Key tourism report shows Miami in top 5 U.S. visitor markets for local economic boost

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Miami’s tourism industry more than bounced back in 2022: travel and tourism contributed $11.1 billion to Miami-Dade’s economy, surpassing pre-pandemic levels and making it the fourth-largest tourism market in the United States. That’s according to a study and report by the World Travel and Tourism Council, a global travel trade organization, and Oxford Economics.

The report called Miami’s performance in the tourism sector a “heroic comeback.” Miami-Dade’s travel and tourism revenue makes up nearly 6% of the county’s total gross domestic product, estimated to be $186.3 billion last year.

Orlando was the U.S. city with the most revenue from tourism — the theme park capital contributed $31.1 billion to the local economy in 2022. Las Vegas was second, followed by New York City. Miami’s tourism dollars slightly exceeded Los Angeles, the fifth-largest tourism market, with $11 billion.

The global travel and tourism council and Oxford Economics collected data from the U.S. bureau of economic analysis and Miami-Dade County to zero in on economic impact specifically from tourism. They used the data on average spending per traveler, number of arrivals and hotel occupancy and average rates.

Miami’s tourism sector outperformed pre-pandemic levels in most ways. In 2019, the industry generated $10.5 billion towards the county’s total GDP. The coronavirus pandemic slashed that number by more than half, with only $4.6 billion generated from tourism and travel in 2020, before bouncing back to $10.7 billion in 2021.

While tourism businesses in South Florida such as hotels and restaurants are riding a wave of strong demand in the wake of the ongoing pandemic, the sky-high revenues don’t always represent increased profits for businesses on the ground when the increasing cost of labor, supplies and inflation are factored.

“It was probably the best year on record, but there’s no mention about labor costs and costs of supplies. Bottom line profits are not as strong, even though revenues are at an all-time high; if they weren’t, it’d be all doom and gloom,” said Peter Ricci, director of Florida Atlantic University’s hospitality management program. “Everyone is saying it’s all sunshine and roses in the tourism industry but no one is talking about the bottom line.”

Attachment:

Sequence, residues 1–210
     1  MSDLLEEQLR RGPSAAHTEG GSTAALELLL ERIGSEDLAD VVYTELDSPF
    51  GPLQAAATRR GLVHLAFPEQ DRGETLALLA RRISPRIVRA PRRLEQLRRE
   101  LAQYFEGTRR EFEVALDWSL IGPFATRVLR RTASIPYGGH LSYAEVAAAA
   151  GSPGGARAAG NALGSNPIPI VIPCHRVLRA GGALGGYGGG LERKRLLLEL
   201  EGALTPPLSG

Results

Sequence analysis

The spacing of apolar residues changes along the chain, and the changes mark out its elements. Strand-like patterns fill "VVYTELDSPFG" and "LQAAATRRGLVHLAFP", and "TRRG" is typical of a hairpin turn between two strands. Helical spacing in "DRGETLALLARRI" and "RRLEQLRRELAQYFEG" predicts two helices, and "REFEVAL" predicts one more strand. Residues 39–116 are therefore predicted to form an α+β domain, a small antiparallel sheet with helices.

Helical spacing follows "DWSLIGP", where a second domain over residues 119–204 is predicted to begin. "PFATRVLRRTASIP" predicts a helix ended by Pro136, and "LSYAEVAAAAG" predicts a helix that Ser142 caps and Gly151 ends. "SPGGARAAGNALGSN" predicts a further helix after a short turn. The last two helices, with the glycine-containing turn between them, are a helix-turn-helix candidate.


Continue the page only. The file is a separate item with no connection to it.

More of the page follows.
Charles Ryan Minton would know. He’s Florida regional manager for TPG Hotels and Resorts, a hospitality management firm that looks after five hotels in South Florida, including the Westin Fort Lauderdale, the Renaissance in Boca Raton and three resorts in the Florida Keys.

“I’m happy to see that wages are higher because it’s what workers deserve, but it does affect the bottom line. Overall we’re very happy that business is back, it’s exciting, but we are adapting to doing a lot more with a lot less, specifically staffing wise,” Minton said, explaining that his hotels still haven’t returned to offering room service.

He also cited persistent issues with getting basic hotel supplies like linens and towels and the increased cost of food, especially eggs.

“Hotels serve a lot of eggs. The main meal where guests utilize the hotel restaurant is breakfast,” Minton said. The study found that the Miami-Dade tourism industry was still down nearly 22,000 jobs — in 2019, the travel and tourism sector here provided 145,800 jobs in the county, roughly 12% of the county’s total jobs, which dropped to 123,930 jobs last year, 9.9% of the county’s workforce. “Almost no hospitality businesses are back to their pre-pandemic staffing numbers,” Ricci said, adding that many companies cut corners and try to replace workers with technology and artificial intelligence. “The increased cost of labor means that most people can’t afford to rehire to their pre-pandemic numbers. And we lost a huge number of people in hospitality because they’re burnt out.”

The Greater Miami Convention and Visitors Bureau, Miami-Dade County’s destination marketing agency, said that its calculations for the hospitality workforce put the county nearly back to pre-pandemic levels, with 141,400 jobs. The agency said it’s putting together its own economic impact study for 2022. Rolando Aedo, the bureau’s chief operating officer, said the agency also has different figures for visitor spending last year than the report, and that agency officials reached out to discuss certain specifics in the study with the travel and tourism council.

Miami tourism businesses hoping to keep up the momentum from last year’s boom may find opportunities in international travelers. While spending from domestic visitors to Miami was up 30% in 2022 compared to 2019, international spending is still 10% lower than it was in 2019, according to the global study.

The majority of COVID-19 U.S. travel restrictions were lifted in November 2021, but many foreign travelers are still experiencing long wait times for U.S. visas due to backlogged U.S. embassies and consulates in some of Miami’s target international markets, like Brazil and Mexico.

“Domestic travel boomed during the pandemic, but it will wane,” Ricci said. “International travel is still way down and those visitors stay longer and spend more, so that’s where the [Miami tourism] industry still has room to grow.”

Source: miamiherald